If you have any stories of how you have been able to improve your stride to become a better runner I would love to hear them.
Entrance to Moran State Park
Here in the Pacific Northwest we are lucky to have an almost endless supply of beautiful locations to run. One of the most beautiful of those locations is Orcas Island in the San Juan Islands. Just a little over an hour long ferry ride from Anacortes, Orcas Island is a perfect location for a weekend running trip or even just a day trip. Once you are on Orcas Island the best place for running is Moran State Park.
- Trail around Cascade Lake
Moran State Park is a little over 5,000-acres in size and has nearly 40 miles of trails, most of which were constructed by the Civilian Conservation Corps (CCC) back in the 1930s. While running the trails within Moran State park you will enjoy views of lakes, streams, waterfalls, Puget Sound, Strait of Juan de Fuca, San Juan Islands, Canadian Gulf Islands, Vancouver Island, Cascade Mountains and the Olympic Mountains. These trails are especially good if you like hills. There’s not a lot of flat terrain in Moran State Park. However, you can find some routes that aren’t too difficult. The 2.7-mile loop around Cascade Lake only has small rolling hills. At the other end of the spectrum is the trail to the top of Mount Constitution. This trail gains over 2,000-feet in 4.3 miles. But when you get to the top you will be rewarded with some of the best views you will ever see.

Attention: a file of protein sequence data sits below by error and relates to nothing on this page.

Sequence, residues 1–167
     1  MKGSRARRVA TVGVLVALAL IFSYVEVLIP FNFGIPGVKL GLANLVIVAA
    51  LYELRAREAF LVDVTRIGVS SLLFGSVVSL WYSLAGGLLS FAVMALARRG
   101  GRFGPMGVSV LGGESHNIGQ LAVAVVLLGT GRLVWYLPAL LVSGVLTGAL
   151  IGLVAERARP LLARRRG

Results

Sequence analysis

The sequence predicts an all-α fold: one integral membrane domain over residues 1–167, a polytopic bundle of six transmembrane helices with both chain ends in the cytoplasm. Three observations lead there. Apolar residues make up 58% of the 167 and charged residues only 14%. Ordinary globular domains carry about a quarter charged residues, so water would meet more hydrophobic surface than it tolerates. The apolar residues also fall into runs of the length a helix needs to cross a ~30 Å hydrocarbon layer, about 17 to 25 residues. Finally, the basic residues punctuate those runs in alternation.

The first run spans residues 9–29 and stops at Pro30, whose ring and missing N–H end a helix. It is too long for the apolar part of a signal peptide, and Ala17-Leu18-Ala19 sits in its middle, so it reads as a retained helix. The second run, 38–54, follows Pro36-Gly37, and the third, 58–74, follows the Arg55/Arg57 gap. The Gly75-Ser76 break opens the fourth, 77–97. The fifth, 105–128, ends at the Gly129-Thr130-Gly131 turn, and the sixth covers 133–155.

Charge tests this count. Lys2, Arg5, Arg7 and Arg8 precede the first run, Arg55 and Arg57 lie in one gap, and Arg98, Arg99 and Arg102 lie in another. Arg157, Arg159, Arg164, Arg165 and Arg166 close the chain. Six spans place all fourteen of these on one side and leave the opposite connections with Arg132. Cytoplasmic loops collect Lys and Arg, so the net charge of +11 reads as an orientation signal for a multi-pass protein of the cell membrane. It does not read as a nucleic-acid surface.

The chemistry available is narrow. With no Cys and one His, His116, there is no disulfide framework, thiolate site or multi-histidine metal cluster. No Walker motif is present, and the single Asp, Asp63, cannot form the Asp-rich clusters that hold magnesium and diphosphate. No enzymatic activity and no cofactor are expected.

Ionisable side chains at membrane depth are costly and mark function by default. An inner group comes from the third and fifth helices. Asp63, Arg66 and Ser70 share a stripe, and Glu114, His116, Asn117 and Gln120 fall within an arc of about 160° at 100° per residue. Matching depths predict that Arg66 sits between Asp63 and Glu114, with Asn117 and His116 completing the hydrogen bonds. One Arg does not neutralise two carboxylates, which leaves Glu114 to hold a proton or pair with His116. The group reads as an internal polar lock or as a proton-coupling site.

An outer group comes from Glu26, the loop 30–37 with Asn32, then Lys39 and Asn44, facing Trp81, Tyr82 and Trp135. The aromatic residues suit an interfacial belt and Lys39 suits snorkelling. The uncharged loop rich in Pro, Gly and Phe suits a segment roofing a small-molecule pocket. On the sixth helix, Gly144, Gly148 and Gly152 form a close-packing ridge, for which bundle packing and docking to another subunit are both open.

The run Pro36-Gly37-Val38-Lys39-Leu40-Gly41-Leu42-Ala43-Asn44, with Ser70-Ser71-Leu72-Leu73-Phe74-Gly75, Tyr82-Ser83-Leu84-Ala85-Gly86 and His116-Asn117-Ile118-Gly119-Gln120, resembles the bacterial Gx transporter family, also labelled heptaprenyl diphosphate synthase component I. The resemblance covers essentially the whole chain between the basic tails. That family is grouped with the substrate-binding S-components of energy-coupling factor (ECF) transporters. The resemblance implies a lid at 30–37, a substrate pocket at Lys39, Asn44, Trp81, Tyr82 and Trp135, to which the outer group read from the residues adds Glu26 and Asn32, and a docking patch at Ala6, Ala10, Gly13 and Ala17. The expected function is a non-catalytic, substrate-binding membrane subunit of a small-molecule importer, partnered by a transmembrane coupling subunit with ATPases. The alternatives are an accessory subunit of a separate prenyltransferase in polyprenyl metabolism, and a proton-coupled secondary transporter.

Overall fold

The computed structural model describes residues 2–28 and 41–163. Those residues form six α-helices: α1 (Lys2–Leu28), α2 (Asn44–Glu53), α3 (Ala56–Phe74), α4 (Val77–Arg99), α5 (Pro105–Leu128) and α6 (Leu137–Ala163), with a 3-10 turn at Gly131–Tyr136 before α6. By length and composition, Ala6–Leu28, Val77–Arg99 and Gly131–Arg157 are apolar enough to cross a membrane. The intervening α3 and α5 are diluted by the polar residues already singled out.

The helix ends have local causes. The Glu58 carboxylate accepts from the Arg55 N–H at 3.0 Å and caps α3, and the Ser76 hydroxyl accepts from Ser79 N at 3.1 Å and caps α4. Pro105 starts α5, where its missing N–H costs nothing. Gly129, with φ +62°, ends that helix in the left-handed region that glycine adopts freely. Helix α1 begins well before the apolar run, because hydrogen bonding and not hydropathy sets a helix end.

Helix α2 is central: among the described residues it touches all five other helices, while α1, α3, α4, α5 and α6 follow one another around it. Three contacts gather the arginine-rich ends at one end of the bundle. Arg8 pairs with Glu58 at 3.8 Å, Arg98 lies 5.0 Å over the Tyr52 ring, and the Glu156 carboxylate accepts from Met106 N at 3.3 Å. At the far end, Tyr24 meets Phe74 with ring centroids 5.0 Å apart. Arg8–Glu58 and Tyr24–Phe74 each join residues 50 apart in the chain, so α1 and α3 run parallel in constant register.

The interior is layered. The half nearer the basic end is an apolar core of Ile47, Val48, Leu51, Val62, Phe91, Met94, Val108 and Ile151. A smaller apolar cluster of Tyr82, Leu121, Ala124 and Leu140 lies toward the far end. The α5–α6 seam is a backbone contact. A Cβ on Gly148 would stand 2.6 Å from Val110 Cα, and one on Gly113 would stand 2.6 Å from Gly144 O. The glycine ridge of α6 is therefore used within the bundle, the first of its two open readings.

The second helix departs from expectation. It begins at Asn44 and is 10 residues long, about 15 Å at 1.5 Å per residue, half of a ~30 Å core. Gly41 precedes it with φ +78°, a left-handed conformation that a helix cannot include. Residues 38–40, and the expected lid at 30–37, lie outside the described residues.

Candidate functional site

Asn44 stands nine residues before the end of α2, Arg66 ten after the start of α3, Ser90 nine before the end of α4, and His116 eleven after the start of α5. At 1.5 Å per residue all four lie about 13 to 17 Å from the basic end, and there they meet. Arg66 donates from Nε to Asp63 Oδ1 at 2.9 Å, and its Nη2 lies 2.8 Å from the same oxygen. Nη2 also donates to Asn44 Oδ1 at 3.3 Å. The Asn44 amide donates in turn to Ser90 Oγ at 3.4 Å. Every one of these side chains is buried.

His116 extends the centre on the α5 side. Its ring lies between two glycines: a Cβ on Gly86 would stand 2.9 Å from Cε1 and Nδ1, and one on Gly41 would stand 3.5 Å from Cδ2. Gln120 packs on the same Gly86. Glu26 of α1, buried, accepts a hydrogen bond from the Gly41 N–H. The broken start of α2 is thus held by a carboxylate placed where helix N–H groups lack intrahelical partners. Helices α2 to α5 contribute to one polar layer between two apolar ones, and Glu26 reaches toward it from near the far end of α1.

If you would like to try running in Moran State Park but don’t want to do it by yourself there is always the Orcas Island Fat Ass 50K and 25K
in February. This run provides a great course around the State Park, a t-shirt and a post race party and concert. Plus, if you sign up early enough you can even spend the weekend at Camp Moran, the Park’s retreat center (and where I spent a week in 6th grade as part of Robert Frost Elementary School’s outdoor education program, good times).